To listen to the cheerleaders, Gideon's Budget last week was a triumph that transformed Britain's prospects - reversing a century's worth of decline, national immolation and the impacts of the transgressive state. A bad Budget is always given this amount of acclaim before its perpetrator is found out.
The Chancellor's economic cretinism is now directed internally at the right - attempting to buy off the UKIP defectors while positioning himself for a leadership election in the wake of Hamster Cheeks's none-too-soon departure. The rest of the nation and the economy are collateral damage in a tragedy of the Tory making.
There have been two criminally-insane Budgets in recent Tory history. Barber's dash for growth in 1973 coincided with an increase in external inflationary pressures, starting with overall commodity price rises and then capped by the oil crisis following the Arab-Israeli conflict and OPEC flexing its muscles. The last gasp of Keynesianism was the equivalent of pouring petrol onto a fire, and much of the rest of the decade saw Labour desperately trying to damp down the flames. Yet Barber's incompetence can at least partly be mitigated by the global crisis against which he took action - a defence which is not permitted to anyone from another party.
However, the closest analogue to Osborne's Folly is Lawson's budget of 1988, which unleashed tax cuts at the top at the same time as providing a feeding frenzy in the property market - abolishing double tax relief on joint mortgages created a property bubble which then burst with spectacular effect - introducing the period of stagflation that overshadowed the first half of the 1990s. Lawson, now a ridiculous figure of climate change denial and venomous prejudice, presided over a period of allegedly triumphant growth followed by a debt hangover that took a decade to fix - at the same time deregulating the City to create the first stages of the corporate welfare state that persists to this day.
Gideon clearly has nothing beyond political tactics to offer - and Labour should be ashamed of their backing of his pension changes. There is nothing right with the current annuity system, which allows parasitic fund managers to cream off fat commissions for supposed expertise - much of which could be emulated by sticking a pin into the race cards at Ladbroke's - but the proposal to allow unfettered release of pension equity risks pensioner poverty if too great a risk is allowed, and the creation of another class of welfare dependents whose improvidence or short-term greed means that their funding runs out before they shuffle off their mortal coils.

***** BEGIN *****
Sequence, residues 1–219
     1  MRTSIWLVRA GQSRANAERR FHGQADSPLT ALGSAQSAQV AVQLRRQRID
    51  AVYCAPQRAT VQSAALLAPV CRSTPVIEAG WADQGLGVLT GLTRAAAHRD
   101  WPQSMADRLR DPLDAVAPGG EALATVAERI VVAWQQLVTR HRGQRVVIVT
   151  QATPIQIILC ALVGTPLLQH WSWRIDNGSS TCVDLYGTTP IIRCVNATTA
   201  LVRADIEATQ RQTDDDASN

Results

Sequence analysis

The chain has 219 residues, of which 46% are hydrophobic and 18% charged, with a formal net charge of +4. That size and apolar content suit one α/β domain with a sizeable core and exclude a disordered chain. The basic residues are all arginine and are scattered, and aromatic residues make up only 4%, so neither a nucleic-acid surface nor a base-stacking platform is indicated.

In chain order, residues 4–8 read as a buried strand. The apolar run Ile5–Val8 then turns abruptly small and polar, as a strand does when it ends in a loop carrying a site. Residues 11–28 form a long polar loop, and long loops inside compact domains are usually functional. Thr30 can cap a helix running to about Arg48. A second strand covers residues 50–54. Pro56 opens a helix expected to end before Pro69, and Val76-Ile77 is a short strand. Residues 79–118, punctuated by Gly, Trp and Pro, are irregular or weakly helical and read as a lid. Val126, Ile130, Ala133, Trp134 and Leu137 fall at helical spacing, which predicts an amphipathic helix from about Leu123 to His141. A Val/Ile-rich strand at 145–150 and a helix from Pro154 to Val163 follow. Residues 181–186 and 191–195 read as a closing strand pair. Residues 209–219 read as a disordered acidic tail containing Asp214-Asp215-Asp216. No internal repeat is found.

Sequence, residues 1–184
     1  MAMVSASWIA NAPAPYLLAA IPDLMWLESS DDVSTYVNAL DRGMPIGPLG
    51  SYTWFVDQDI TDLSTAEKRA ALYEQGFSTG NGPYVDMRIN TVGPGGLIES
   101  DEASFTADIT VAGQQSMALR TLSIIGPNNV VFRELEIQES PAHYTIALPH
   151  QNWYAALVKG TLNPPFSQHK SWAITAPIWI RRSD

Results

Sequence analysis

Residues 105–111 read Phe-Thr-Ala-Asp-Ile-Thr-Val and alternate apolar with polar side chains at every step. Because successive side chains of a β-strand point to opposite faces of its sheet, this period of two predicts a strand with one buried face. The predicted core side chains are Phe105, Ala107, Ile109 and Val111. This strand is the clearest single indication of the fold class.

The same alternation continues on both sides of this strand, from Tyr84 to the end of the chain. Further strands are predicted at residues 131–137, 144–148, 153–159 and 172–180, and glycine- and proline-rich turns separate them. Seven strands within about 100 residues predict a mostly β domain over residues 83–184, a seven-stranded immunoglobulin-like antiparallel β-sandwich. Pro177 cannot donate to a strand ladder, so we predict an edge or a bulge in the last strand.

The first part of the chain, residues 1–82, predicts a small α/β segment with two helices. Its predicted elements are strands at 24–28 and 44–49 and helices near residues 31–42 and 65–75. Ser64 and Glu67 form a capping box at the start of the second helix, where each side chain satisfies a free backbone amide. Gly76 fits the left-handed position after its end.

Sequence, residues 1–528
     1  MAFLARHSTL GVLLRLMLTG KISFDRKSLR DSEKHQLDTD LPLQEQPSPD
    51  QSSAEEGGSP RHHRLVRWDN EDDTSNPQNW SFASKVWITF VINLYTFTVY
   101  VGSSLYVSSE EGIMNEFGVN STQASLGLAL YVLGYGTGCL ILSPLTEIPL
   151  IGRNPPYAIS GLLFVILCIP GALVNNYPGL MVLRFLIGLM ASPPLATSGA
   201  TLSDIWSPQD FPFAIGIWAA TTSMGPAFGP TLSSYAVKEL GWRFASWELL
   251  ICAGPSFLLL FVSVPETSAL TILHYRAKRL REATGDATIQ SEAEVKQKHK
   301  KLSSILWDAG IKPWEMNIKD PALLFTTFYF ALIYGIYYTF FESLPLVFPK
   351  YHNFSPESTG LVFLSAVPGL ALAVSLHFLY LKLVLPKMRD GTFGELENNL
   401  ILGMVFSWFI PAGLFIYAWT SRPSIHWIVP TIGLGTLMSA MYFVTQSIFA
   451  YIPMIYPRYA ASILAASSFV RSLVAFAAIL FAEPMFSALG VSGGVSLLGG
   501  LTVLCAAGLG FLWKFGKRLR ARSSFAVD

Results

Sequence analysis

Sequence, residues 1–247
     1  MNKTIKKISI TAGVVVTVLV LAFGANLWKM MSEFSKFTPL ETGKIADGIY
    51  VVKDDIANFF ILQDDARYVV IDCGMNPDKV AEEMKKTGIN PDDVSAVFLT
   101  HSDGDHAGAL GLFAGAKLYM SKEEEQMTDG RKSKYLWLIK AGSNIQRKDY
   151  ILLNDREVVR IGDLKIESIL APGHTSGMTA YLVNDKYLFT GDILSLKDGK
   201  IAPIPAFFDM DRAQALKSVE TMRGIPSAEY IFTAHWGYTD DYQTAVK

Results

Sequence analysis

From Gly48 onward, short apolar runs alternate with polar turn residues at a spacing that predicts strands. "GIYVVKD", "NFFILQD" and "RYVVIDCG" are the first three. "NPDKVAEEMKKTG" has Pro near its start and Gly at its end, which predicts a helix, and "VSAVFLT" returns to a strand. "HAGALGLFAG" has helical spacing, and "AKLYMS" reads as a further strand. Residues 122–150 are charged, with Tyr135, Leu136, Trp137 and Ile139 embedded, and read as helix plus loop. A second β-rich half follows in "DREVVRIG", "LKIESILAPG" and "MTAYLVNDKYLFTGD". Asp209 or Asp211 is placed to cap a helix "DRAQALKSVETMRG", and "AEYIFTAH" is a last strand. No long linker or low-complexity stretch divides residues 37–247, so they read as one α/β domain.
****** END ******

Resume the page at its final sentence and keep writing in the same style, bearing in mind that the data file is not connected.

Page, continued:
Reform - and allowing alternative investment vehicles - would have made sense. Abolition is the short-term equivalent of economic amphetamines - and rather than encouraging current savers to ensure they make suitable provision for their old age it creates the potential for yet another intergenerational transfer when misguided avarice, stupidity or bad luck pauperises a group of improvident old people. As they tend to vote, their plight will be listened to with sympathy while the remainder of the taxpaying public bail them out.
The real parallel with Lawson is the total irresponsibility with regard to the property market. Lawson allowed four months of feeding frenzy which created a bubble. Osborne, being a resourceful chinless no-mark, decided that a direct bung to the areas where the wealth illusion is propped up by property price inflation (mainly Tory- or UKIP-leading) would be too obvious even for the current bunch of canting fools. Instead, the pension changes are being played for all they're worth as a means of further pumping up the buy-to-let market - driving up prices yet further and therefore creating both perceived wealth for the lucky beneficiaries and further transfers of income from the relatively poor to the rich. Tory behaviour at its most obvious.
Encouraging further speculation in an already-disfunctional market is a recipe for disaster. While in the short-term tax receipts will go up through stamp duty and (if these new Rachmans are not clever) through tax on rental income, this is not a fool-proof mechanism for ensuring the economy is sound and sustainable. Hardly surprising - yet anything that encourages the further concentration of money wealth in property further transfers power to the already-lucky, while the rest of the population is still reeling from the pillage of bankers, global deregulation and the pursuit of austerity as a means of cowing the proletariat.
The Tories are now, blatantly, trying to play out to the old, rich and the aspirational but innumerate who assume that the new £15,000 ISA allowance will benefit them - although the number of people who can save that amount are those least in need of incentivisation. This is the Daily Mail fallacy writ large - with a touch of totally-cynical populism on sin taxes such as beer and whisky (note that the duty freeze - called for for several years - only occurs in the year of Scotland's independence referendum) as well as a reduction in bingo duty. Murdoch's Scum hailed it as a Budget designed for their readers - which is enough of an indictment to stand on its own,
Osborne could have done much more to reform taxes and allowances - and to encourage productive growth. Instead his audience was neither the country at large nor those already squeezed and marginalised by the combination of the necessary rebalancing of public finances (which Labour would have had to move towards) and the contempt and disdain exhibited by the crony Conservatives. Where it comes to the election next year, the impact of this Budget will be seen to have been perverse, and will hopefully result in a much more balanced assessment of Osborne/s record before two fingers are raised via the ballot box.